Make sure you know about each of the medicines you take. This includes why you take it, how to take it, what you can expect while you're taking it, and any warnings about the medicine.
The information provided here is general. So be sure to read the information that came with your medicine. If you have any questions or concerns, talk to your pharmacist or doctor.
What are some examples?
Here are some examples of beta-blockers. For each item in the list, the generic name is first, followed by any brand names.
- atenolol (Tenormin)
- carvedilol (Coreg)
- metoprolol (Lopressor, Toprol)
- propranolol (Inderal)
This is not a complete list of beta-blockers.
Why are beta-blockers used?
Beta-blockers are used for many heart and blood vessel problems. They relax blood vessels and make your heart beat more slowly and with less force. They lower blood pressure.
Beta-blockers may be used if you have:
- Coronary artery disease.
- Heart failure.
- High blood pressure.
- Heart rhythm problems.
Beta-blockers are also used for other health problems that are not related to the heart. These problems include migraine headaches.
Beta-blockers may help you feel better and live longer.
What about side effects?
Beta-blockers can make some people feel tired, dizzy, or lightheaded. They can also make asthma worse. In some people, heart rate or blood pressure can drop too low. If the medicine is stopped suddenly, high blood pressure, a heart attack, or dangerous heart rhythm may occur.
General information about side effects
All medicines can cause side effects. Many people don't have side effects. And minor side effects sometimes go away after a while.
But sometimes side effects can be a problem or can be serious.
If you're having problems with side effects, talk to your doctor. Your doctor may be able to lower your dose or change to a different medicine.
Always be sure you get specific information on the medicine you're taking. For a full list of side effects, check the information that came with the medicine you're using. If you have questions, talk to your pharmacist or doctor.
What are some cautions about beta-blockers?
Some cautions are:
- If you have diabetes, watch closely for symptoms of low blood sugar. Beta-blockers can hide your symptoms.
- If you have asthma, beta-blockers can make wheezing or shortness of breath worse.
- Do not suddenly stop taking a beta-blocker. This can cause high blood pressure, a heart attack, or a dangerous heart rhythm.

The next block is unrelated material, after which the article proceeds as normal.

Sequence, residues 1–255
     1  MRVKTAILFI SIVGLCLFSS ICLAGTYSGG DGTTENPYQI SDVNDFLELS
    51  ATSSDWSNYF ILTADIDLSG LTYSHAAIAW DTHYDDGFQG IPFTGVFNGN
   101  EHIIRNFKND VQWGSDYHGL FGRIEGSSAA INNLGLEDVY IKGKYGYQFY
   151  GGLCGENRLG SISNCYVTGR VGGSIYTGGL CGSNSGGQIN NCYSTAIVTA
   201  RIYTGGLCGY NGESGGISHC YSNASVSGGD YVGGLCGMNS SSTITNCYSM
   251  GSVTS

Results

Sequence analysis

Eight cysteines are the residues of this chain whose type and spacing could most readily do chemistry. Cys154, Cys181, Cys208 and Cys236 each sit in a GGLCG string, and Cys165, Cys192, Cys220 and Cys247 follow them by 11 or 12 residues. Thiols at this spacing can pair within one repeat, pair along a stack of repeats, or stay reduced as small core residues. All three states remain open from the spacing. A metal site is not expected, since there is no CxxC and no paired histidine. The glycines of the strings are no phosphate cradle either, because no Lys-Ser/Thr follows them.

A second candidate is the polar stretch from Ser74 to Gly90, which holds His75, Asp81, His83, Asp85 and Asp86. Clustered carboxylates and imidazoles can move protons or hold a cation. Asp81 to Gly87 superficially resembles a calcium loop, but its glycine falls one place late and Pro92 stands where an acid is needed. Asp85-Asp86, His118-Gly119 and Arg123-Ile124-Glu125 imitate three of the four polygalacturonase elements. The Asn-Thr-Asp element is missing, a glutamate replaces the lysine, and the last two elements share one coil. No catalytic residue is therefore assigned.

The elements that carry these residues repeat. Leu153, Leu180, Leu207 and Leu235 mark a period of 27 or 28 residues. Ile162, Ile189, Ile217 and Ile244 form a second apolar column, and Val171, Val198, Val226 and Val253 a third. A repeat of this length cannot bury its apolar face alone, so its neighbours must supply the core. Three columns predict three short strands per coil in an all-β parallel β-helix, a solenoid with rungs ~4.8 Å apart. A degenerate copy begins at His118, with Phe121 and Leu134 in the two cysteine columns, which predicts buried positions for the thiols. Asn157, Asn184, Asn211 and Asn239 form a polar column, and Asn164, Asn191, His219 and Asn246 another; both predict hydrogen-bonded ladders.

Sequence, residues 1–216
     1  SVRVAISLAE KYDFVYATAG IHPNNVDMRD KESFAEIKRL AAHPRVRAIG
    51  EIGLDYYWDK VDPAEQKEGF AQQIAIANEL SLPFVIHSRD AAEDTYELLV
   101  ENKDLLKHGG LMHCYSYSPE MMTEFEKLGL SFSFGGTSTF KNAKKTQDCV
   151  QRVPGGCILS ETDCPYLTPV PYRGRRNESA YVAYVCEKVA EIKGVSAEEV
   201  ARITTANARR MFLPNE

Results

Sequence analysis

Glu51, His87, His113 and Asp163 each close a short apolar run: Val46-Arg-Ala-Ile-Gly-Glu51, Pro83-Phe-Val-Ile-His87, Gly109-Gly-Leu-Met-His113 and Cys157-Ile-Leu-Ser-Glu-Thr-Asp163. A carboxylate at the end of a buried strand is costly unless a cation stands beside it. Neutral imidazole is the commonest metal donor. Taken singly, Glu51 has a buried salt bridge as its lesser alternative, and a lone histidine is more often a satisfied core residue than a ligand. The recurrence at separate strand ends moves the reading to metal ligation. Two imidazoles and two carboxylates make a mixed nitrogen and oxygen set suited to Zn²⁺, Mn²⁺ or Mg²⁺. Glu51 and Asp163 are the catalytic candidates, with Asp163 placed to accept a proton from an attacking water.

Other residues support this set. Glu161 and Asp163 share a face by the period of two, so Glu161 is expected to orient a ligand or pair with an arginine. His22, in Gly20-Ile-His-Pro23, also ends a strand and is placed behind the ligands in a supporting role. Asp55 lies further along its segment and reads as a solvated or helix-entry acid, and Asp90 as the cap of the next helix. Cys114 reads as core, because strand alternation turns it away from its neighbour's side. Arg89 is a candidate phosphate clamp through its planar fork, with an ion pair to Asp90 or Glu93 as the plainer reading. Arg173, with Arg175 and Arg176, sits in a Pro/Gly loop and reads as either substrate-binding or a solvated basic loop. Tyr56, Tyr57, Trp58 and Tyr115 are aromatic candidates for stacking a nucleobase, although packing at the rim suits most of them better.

- Tell your doctor if you are pregnant, breastfeeding, or planning to become pregnant.
- Take your medicines exactly as prescribed. Call your doctor if you think you are having a problem with your medicine.
- Check with your doctor or pharmacist before you use any other medicines. This includes ones you buy over the counter. Make sure your doctor knows all of the medicines, vitamins, herbal products, and supplements you take. Taking some medicines together can cause problems.
General cautions for all medicines
- Allergic reactions.
- All medicines can cause a reaction. This can sometimes be an emergency. Before you take any new medicine, tell the doctor or pharmacist about any past allergic reactions you've had.
- Drug interactions.
- Sometimes one medicine may keep another medicine from working well. Or you may get a side effect you didn't expect. Medicines may also interact with certain foods or drinks, like grapefruit juice and alcohol. Some interactions can be dangerous.
- Harm during pregnancy or breastfeeding.
- If you are pregnant, trying to get pregnant, or breastfeeding, ask your doctor or pharmacist if all the medicines you take are safe.
- Other health problems.
- Before taking a medicine, be sure your doctor or pharmacist knows about all your health problems. The medicine for one health problem may affect another health problem.
Always tell your doctor or pharmacist about all the medicines you take. This includes prescription and over-the-counter medicines, vitamins, herbs, and supplements. That information will help prevent serious problems.
Always be sure you get specific information on the medicine you're taking. For a full list of warnings, check the information that came with the medicine you're using. If you have questions, talk to your pharmacist or doctor.
Current as of: September 7, 2022
Author: Healthwise Staff
Adam Husney MD - Family Medicine
Martin J. Gabica MD - Family Medicine
E. Gregory Thompson MD - Internal Medicine